Please help me welcome Oliver F. Chase with an excellent article about reviewing…
I Write. Therefore, I Review
Why yes, I write books. Did you fail to notice the patches on the elbows of my tweed jacket, and the vacant, yet meaningful gaze?
Nah. That ain’t me. I’m the guy in the trenches, always learning and testing, and re-learning; ever on the look out for a clever turn of phrase; and always marketing my work and myself…albeit, very delicately. Nothing’s worse than a bore who believes he’s the next Lee Child.
Writers also review. Especially those of us who are as yet “undiscovered” and thus, un-contracted by a biggie. Writing is not a competition, but more like an aftermarket team sport. We write alone but need one another in the business end of creation. Like reviewing another’s novel. This is a new truth in the age of the self help publishing world. Therefore, I thought I’d pass along a few must-do’s and must-have’s that have helped me over the years. This is a quick list that could easily be much, much longer.
When you review for another, have these few things at your fingertips:
- Know the plot and the theme. Don’t so gauche as to give it away. That means, of course, you need to read the book, and not use someone else’s Cliff Notes.
- Have a ready-list of main or interesting characters. Grab your reviewing audience, just like you grab someone in your own work. A great character is a way to engage others, just like wonderful scenes. You may the character were yours, but aren’t, so give insightful due to the author. Yours will be better next time, guaranteed.
- I suggest you only refer to one scene that you liked. Remember, no spoilers.
- If you’re reviewing for the writer crowd, you can mention pace, grammar, arc.. that sort of thing. Don’t bother if you’re reviewing for the public. No one cares.
- Was the storyline predictable, or were you so engrossed, you simply became lost and totally blew off your brother’s wedding. Go ahead and admit you were having too much fun to pick the story apart.
- If you did like the story, tell the reviewing audience why. Open up a bit, let them see into your private wardrobe, floppy collars and all. The reviewing audience is looking for something real, even if fantasy or Sci-Fi. The story either rings true, or it doesn’t.
- Oh, and the old shirts? Toss’m. They’re not coming back.
- Do the boring stuff, too.
- Tell the reviewer who you think would enjoy the story. If you can, compare the writing to others.
- Be cautious about setting the prospective reader’s expectations. Let the author rise to the occasion, not the prospective reader. Be careful not to force the issue. Your credibility is on the line, too.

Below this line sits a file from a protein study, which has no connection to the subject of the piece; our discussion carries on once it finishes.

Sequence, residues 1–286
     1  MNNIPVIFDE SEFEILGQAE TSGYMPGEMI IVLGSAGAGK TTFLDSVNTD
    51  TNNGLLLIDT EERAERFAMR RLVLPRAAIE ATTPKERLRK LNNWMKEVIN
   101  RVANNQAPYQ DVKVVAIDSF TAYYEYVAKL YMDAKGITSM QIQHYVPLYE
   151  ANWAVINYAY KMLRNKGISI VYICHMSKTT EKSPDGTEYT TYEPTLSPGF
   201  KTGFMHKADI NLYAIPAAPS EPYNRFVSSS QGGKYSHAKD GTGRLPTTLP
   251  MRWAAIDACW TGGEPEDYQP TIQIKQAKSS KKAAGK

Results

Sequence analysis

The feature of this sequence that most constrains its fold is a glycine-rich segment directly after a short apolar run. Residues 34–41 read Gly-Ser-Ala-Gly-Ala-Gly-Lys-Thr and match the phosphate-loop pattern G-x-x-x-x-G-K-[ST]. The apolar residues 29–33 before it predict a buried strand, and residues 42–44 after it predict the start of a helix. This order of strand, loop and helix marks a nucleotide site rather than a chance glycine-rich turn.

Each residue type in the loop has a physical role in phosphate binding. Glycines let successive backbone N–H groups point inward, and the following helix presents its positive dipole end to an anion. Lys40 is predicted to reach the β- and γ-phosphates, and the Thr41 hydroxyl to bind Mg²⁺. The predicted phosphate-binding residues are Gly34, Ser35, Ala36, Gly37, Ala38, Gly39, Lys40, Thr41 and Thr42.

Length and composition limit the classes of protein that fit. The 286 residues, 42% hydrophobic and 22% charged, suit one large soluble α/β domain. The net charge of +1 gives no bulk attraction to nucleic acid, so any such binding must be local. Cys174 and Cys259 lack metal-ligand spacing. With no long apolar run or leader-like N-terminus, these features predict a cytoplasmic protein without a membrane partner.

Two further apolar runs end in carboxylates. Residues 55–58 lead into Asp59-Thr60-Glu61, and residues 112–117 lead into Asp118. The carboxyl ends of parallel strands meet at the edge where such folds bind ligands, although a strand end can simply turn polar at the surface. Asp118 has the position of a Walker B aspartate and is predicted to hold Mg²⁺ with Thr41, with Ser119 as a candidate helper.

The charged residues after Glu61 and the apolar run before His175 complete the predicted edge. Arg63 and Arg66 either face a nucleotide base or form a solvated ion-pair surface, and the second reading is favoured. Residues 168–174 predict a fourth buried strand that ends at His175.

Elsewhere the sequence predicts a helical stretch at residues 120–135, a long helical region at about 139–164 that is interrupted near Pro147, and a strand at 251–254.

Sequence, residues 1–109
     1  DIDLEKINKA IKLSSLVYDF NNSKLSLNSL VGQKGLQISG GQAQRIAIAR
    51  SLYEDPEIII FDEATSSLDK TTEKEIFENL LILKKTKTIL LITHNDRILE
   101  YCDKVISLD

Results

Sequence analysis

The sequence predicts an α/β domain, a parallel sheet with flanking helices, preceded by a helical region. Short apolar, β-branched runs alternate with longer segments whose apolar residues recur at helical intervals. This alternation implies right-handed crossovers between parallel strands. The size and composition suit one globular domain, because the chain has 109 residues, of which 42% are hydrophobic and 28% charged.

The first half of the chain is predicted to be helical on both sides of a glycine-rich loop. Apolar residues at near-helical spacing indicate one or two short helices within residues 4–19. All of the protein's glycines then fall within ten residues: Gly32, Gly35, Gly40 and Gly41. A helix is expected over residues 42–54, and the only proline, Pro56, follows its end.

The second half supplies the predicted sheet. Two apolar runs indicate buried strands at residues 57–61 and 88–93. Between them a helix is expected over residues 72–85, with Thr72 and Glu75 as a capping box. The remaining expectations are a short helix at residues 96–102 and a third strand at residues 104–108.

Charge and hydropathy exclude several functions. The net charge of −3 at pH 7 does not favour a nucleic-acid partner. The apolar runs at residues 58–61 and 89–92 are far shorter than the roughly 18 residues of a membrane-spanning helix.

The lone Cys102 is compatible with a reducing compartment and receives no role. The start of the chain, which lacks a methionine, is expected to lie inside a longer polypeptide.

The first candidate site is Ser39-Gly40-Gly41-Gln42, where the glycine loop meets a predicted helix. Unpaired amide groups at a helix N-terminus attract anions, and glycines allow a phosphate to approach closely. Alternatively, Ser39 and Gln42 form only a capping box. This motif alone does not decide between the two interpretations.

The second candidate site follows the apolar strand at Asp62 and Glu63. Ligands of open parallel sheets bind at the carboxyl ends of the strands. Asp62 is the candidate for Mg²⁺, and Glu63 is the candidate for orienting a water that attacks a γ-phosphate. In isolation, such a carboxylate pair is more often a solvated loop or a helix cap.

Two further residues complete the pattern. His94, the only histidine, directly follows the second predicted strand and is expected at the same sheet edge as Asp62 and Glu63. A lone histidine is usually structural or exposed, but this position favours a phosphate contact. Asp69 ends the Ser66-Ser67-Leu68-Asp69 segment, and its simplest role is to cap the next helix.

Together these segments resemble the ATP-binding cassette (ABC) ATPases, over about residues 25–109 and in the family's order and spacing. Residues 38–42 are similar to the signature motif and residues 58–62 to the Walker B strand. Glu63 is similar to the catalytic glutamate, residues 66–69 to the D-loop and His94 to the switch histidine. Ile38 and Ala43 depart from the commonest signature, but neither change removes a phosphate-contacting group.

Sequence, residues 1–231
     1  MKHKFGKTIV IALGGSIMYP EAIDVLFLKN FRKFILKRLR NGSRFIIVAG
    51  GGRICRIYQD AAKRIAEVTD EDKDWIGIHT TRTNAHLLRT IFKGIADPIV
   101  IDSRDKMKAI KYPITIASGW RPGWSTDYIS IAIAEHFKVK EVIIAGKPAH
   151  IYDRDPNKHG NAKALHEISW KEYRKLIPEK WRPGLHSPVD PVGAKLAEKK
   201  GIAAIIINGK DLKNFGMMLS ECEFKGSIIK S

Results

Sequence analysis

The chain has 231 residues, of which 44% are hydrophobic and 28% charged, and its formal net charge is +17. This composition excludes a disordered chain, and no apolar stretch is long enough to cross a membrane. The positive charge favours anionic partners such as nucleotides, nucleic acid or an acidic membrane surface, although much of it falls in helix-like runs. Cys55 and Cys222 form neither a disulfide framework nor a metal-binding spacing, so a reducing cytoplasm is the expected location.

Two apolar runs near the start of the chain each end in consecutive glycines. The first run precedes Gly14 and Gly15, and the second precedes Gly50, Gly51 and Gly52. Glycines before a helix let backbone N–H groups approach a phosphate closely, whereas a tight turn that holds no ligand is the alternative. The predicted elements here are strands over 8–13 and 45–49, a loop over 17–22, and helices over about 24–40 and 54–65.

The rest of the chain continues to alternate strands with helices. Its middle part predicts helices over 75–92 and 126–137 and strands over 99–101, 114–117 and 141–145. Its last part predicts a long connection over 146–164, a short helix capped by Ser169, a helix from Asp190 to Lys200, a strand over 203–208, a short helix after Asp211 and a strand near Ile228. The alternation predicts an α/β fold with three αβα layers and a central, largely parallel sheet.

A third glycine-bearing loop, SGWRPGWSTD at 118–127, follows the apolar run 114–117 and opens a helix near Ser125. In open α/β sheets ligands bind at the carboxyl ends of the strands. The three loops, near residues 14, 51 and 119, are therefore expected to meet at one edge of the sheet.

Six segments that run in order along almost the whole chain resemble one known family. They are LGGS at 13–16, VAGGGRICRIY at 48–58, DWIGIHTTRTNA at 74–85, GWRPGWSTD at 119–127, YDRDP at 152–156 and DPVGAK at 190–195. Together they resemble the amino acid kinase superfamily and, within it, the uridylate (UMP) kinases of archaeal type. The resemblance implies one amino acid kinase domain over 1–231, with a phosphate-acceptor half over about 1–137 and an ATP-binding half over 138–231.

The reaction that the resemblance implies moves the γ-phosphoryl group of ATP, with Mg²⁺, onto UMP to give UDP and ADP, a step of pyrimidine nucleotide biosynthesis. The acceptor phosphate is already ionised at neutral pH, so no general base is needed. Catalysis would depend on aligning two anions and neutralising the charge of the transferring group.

- Recommend the story to right audiences: YA, thriller adults, cozy mysteries. There’s nothing wrong with a cautionary statement, as well. I appreciate these, especially for writing that makes me squirm a bit.
- Proofread your review. Reviewers will likely do a search on you, and may even want to see what you’ve written.
- Be professional, friendly and helpful. Leave your various chips (on your shoulder) and axes (to grind) at home. A review is no place for personal politics…unless, of course you’re reviewing an opinion piece.
- If you’re going to zing the story, temper the author with praise. Be cautious and be honest. Praise in public. Excoriate, or in this case criticize, person-to-person.
If you can’t figure out how to critique kindly, or gently prod the doggie story that made you cringe, thank the author and pass. Demurring may be a bigger kindness, even though we need thick skins in this business. Be circumspect, genuine, and honest. After all, don’t we all end up in the same place, anyway? Life’s too short for anything else.
Thank you SO much, Oliver. I am not good at reviews, but I will bookmark your suggestions and work on my reviewing skills. Love this article!
Check out these books by Oliver. Don’t they look like fantastic reads?
Oliver grew up on military bases throughout the country and like all boys, played good guys and bad. Coaxing him into an afternoon of baseball along Lake Erie, hiking the Southern California’s hills or paddling a canoe in the North Carolina backwater didn’t take much unless a book found him first.
His best friend and he joined the Marines and took a deferment to attend college. Herb left school finding stumbling blocks that seemed insurmountable at the time. A year after graduating, Oliver stepped onto a sweaty tarmac with a manual Smith Corona typewriter not far from where Herb died. Fate usually finds a way of putting day-to-day frustrations into a cruel perspective, especially when lost in the haze of an ugly war.
Thirty-one young men flew days and nights in the mountains trying to keep the world safe for … well, says Oliver, that’s not really true, is it? The only reason we ever went into those dark, frightening places was for friends, most of whom we’d never met before that day. That they lived, meant others died and that still haunts to this day.
He spent time wandering. Lots of young veterans did so, some on foot, some just on the rails of life. Many like Oliver made stops along the road. He never slept in the park or a bus station, although many did. Most found a way out of the maze, too many others did not. Oliver promises it was not he truly at risk, but still believes pulling the right ticket is mostly a matter of circumstance and luck.
He did a bit of teaching on the Navajo reservation, spent a few years with the cops and a couple alphabet agencies but never quit writing. The old manual typewriter became a memory when his first computer came along. A notebook travels with him now, the wanderlust never completely leaving him be. Today, he spends days on the family’s tiny farm and following the season, sometimes wondering if the old Smith Corona founds a home, too. He hopes so, wishing his old friend happy days.
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